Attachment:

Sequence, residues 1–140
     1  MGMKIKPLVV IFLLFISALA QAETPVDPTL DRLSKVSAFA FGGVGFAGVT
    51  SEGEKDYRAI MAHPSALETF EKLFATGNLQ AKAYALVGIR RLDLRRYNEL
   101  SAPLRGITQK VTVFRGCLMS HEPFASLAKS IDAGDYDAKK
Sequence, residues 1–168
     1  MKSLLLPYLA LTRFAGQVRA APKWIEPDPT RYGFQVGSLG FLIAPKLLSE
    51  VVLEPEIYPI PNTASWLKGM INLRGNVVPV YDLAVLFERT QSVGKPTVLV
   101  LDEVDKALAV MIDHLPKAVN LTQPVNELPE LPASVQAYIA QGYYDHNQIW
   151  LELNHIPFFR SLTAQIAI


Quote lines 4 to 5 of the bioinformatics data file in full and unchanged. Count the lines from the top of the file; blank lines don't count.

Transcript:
   101  SAPLRGITQK VTVFRGCLMS HEPFASLAKS IDAGDYDAKK
Sequence, residues 1–168